The Susan G. Komen for the Cure foundation has been a behemoth in the fight against breast cancer. This week, though, SGK is in the middle of a PR nightmare regarding its decision to discontinue its support to Planned Parenthood. According to the Komen’s founder and CEO, the decision is not politically motivated. It has nothing to do with abortion, but everything to do with a policy changes meant to ensure “you are granting money to the right people.”
In this case, the right people are those organizations who are not under “formal investigation for financial or administrative improprieties by local, state or federal authorities,” reports Jeffrey Goldberg of The Atlantic.
On the surface, this sounds like a reasonable policy. Why would anyone want to fund questionable organizations? However, Goldberg’s probing reveals a political agenda. Indeed, this decision was about severing ties with the most important provider of reproductive health services in the United States. These services, of course, include abortions, and Komen finally decided to veer openly to the right on this controversial issue. Komen applied its new policy to PP, which has been the target of a congressional inquiry since September because, according to Representative Cliff Stearns (R), the organization might be using federal funding to pay for abortions.
However, this entire prologue is not the reason I’m decided to write this piece. What makes the Komen vs PP debacle interesting to me is its social media dimension. It makes me wonder whether or not organizations like Komen take social media seriously, or if they merely think of it as an additional outlet for their press releases. You see, before the controversy exploded, Komen’s Facebook page was a bulletin board. The organization would post news tidbits, like this one
After Komen made its defunding of PP public, though, anger flooded its Facebook page. These comments were added to Nancy Brinker’s birthday thread after the announcement
Komen is the latest public entity to suffer the wrath of social media users. Yes, that wonderful outlet works so well in the PR mix also makes it very easy to express dissent, discontent, and outright fury. More importantly, it increases the speed of protest, as Andrew Rasiej of New York Tech MeetUp pointed out to TheWrap
“There’s a new political and media ecology that social networking provides and it’s not controlled by the mainstream media [...] It’s controlled by citizens who are able to wield power at a speed that has the mainstream media, the politicians and the institutional players in shock.”
Often, media analysts point out that the power of social media lies in its ability to organize dissenters. However, we should also look at social media’s ability to aggregate discontent. Indeed, we can’t think of this backlash as the result of an organized effort. We should look at it as the result of decentralized actions that coalesced because of social media. We use the social web to connect with each other, but connecting isn’t just about sharing pictures of our pets. We share information, we comment on Facebook pages, we use hashtags, and we spread of memes. The savviest organizations and individuals know how to channel these routine activities into movements. Yet what the organizers of virtual protest really do is guide our clicks in the desired direction. That’s very different from asking us to occupy a public park. Clicking, using a hashtag, signing a petition, changing our profile picture, or sharing a picture costs us very little effort, yet the cumulative effects can be very powerful. Planned Parenthood understood this much better than Komen.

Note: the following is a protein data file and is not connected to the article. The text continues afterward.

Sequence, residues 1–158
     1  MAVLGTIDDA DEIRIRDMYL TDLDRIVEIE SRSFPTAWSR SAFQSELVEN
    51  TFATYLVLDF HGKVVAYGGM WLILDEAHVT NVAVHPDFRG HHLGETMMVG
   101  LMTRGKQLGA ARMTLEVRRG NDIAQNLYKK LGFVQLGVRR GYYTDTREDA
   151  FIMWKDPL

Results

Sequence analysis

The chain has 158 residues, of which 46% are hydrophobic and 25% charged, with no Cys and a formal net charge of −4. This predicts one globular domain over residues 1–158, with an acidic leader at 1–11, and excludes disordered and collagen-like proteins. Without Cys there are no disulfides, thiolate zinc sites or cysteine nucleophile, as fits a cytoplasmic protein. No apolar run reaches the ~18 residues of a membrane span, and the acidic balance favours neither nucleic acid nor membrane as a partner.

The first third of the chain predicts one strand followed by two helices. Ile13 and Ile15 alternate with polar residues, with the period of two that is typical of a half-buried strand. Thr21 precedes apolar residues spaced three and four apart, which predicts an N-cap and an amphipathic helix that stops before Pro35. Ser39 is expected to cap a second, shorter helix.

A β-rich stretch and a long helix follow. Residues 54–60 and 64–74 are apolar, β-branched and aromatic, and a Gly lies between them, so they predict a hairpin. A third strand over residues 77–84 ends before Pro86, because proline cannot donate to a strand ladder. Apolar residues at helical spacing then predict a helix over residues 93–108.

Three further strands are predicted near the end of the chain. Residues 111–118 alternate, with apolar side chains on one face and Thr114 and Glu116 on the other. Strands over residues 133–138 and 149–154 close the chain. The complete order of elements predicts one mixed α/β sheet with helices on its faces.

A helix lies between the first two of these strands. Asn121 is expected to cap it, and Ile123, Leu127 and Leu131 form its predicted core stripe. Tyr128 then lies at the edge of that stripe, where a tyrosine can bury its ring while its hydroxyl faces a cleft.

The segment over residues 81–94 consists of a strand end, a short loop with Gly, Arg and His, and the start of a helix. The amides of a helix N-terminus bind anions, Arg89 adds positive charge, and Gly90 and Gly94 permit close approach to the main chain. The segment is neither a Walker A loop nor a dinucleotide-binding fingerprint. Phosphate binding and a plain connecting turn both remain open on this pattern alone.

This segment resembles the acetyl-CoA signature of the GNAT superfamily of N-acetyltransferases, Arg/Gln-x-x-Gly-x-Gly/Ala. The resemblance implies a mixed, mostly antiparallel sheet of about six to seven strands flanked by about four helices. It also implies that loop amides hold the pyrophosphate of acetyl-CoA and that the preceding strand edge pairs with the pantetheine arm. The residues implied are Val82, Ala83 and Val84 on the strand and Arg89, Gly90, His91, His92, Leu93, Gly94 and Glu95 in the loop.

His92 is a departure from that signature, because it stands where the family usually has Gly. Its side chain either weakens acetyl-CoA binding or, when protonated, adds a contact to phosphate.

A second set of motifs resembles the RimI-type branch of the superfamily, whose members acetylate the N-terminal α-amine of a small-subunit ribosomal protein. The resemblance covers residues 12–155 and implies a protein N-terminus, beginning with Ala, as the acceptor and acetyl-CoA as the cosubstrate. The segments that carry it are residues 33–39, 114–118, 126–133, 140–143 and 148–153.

I took this screen capture from Planned Parenthood’s album on Facebook. It was shared over 22 thousand times. Furthermore, Planned Parenthood added this picture below to the album, after Komen reversed its funding policy changes and apologized to “the American public for recent decisions that cast doubt upon our commitment to our mission of saving women’s lives.”
In comparison, what was Komen doing with their social media? According to Kivi Miller, during the initial stages of the crisis, “The only Komen action on their Facebook page had been to delete anti-Komen comments, so the ratio of negative to positive looks more like 10 – 1 instead of the 80 – 1 (and even higher this morning) on Twitter.” Aside from that, Komen carried on as it would under normal circumstances. For example, as Miller noted, Komen re-tweeted a report from FoxNewsLatino on January 30.
Komen did not address their funding decision on Twitter until February 1, when they released Nancy Brinker’s video statement (posted above). Worst of all, Komen’s Twitter feed today had been dedicated to debunking a supposed partnership with Discount Gun Sales, to market pink handguns for the cure.
Now that Komen has reversed its funding decision, they will have to re-build their brand. The damage is significant, judging from some of the reactions posted to their Facebook page. The damage has nothing to do with breast cancer, or Komen’s mission. It has everything to do about their abandoning their primary focus, breast cancer prevention, awareness, and funding for research.
Before the PP debacle, I counted Komen as one of the savvy organizations. Their pink ribbon campaigns and partnerships were Facebook darlings. In fact, you could say that Komen took Facebook Pages best practices guide to heart. It uses its page to ”join the conversation, share their stories, and build a meaningful dialogue with their supporters and volunteers.” Unfortunately, Facebook’s handy guide doesn’t address the other side of the meaningful dialogue, the fact that it is public, and that involves people, not sheeple. The lesson here is that one should never assume “Facebook Likes” mean complete agreement with every policy decision.